Sunday, April 19, 2009

Tazria, Vayikra 13:3. A Kohen Must See the Tzara'as.

The Torah says that if a nega appears, only a kohen may pasken whether it is Tzara'as. If he is not a Talmid Chacham, he has to take a lamden with him to tell him what to pasken. But the Kohen has to examine the nega'im, and, ultimately, he has to pasken.

Rabbi Dr. Gary Schreiber pointed out that the avoda of the miluim, the process by which the Kohanim were inaugurated, has similarities to the tahara process of the metzora. If you carefully compare the two, you will find that they have avodos in common which are rarely found elsewhere. He said an excellent, and, I think, new, pshat that explains both connections of Kehuna to Tzara'as.

A kohen is subject to the temptation of gaavah, because of his entitlements (the twenty four Matnos Kehuna) and his kedusha (which enables him to do the avodah and requires him to be tahor). Also, Kohanim are aware of everyone’s sins, because whoever brings a korban chatas has to be misvadeh; furthermore, when someone brings a chatas, he has to clearly explain to the Beis Din of the Kohanim why he is bringing it, so they can be sure that the Korban Chatas is indeed required and that it is not chulin ba'azara. So he might say lashon hora. This is a dangerous position to be in: you are born with superior kedusha, Klal Yisrael has to sweat to wrest a living from the earth while you sit at home and get your food-- grain, fruit and meat-- delivered tied with a bow, and you are privy to all their embarrasing failures and sins. It would not be surprising if Kohanim viewed the rest of Klal Yisrael as if they were a bunch of donkeys. This natural tendency to ga'avah and lashon hara can bring Tzara'as.

So the Torah says that the kohanim must personally look at nega’im. They need to see what the result of gaavah and lashon hara are. This constant visual reinforcement will help them control their yetzer hora. Very few oncologists smoke, and many dermatologists obssesively avoid exposure to sunlight, because day after day they see the deadly results of irresponsible and self destructive behavior; so, too, Kohanim are obligated to closely examine the nega'im of Tzara'as, and this will remind them to eschew the traits that bring Tzara'as - Ga'avah and Lashon Hara.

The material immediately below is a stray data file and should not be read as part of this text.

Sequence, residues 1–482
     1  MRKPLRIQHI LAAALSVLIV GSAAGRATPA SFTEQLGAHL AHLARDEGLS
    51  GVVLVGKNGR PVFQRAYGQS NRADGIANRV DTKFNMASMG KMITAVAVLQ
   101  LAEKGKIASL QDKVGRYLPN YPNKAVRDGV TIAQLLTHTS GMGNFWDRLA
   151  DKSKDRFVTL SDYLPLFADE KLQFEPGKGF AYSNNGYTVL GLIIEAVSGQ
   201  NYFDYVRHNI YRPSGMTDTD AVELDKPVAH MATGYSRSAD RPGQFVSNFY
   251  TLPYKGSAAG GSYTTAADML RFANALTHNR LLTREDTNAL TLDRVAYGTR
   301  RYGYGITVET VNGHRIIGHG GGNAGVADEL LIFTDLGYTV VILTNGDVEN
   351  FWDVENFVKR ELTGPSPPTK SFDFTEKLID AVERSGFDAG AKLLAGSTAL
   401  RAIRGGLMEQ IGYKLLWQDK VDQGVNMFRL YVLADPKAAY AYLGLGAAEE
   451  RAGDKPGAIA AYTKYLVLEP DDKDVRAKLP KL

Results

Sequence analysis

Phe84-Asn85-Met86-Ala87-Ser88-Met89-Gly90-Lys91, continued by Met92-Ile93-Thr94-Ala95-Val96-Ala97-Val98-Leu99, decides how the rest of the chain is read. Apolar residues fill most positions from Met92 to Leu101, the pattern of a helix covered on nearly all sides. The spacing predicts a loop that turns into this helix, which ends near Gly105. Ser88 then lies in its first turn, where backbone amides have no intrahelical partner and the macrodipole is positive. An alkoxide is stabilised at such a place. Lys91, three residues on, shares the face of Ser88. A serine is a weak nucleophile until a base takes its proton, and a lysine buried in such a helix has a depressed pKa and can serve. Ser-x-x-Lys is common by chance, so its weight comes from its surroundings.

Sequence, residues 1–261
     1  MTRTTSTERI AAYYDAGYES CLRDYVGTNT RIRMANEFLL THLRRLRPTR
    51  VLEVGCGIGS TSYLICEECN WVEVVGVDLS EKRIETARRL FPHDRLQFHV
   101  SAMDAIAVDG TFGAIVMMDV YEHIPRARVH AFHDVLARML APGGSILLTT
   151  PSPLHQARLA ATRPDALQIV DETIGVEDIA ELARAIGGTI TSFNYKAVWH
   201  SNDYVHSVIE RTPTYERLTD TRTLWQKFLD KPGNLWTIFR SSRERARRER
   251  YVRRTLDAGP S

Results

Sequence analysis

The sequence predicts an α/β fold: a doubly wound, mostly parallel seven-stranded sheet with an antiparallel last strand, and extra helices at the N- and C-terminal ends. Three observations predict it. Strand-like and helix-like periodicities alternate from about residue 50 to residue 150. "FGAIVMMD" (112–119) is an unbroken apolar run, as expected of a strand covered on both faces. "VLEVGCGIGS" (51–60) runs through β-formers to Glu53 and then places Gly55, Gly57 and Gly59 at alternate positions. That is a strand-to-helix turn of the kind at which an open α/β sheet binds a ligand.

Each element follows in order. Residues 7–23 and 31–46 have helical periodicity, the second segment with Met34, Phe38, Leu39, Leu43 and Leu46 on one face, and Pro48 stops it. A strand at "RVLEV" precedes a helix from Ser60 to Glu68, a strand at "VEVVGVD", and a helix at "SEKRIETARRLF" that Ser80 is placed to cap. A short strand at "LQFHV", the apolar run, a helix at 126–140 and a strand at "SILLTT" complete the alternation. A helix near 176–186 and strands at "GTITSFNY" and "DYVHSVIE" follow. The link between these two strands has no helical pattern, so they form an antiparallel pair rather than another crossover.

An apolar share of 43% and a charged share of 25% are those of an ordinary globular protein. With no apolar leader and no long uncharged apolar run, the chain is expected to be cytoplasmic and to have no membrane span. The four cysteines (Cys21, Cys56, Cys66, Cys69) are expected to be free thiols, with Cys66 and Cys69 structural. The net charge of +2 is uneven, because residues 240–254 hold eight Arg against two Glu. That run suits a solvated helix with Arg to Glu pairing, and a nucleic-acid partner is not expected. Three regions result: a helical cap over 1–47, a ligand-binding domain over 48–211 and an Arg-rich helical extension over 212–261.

And this explains why the Avodas HaMilu'im recalls Taharas Metzora. The foundation ritual of Kehuna mirrors the taharas metzora process, so that every kohen will read this parsha and remember that the superior status he was granted brought with it a concommitant danger, and that every day he must be on guard against the temptations of ga'avah and lashon hara. Indeed, this concept is found in the Bracha the Kohanim give Klal Yisrael: Yevarechacha Hashem Veyishmerecha: every blessing brings along a heightened risk and the need for shemira. Kohanim, too, are blessed with many things, and these blessings create the need for greater shemira.

(Dr. Schreiber's words:
"...the similarity between the avoda of the taharas hametzora and the miluim of the kohanim which requires blood placed on the the bohanos of each of them. The kohen will hopefully carry the initial impression with him through his years of avodah and refrain from the failings that lead to one becoming a metzora.")

Update 2017: R Avrohom Bukspan sent a comment that connects a Medrash on this inyan. Vayikra Rabba 15.

רבי בשם רבי חמא בר חנינא: 
צער גדול היה לו למשה בדבר, כך הוא כבודו של אהרן אחי להיות רואה את הנגעים?! 
אמר ליה הקב"ה: לא נהנה (אותו) מהם כ"ד מתנות? 

מתלא אמר: דאכיל בהדי קורא ילקה בהדי קילא, (= האוכל מן הקור לוקה מן הקורה).

There are too many pshatim on the words דאכיל בהדי קורא so we won't go into that, but, as I responded to Reb Avrohom,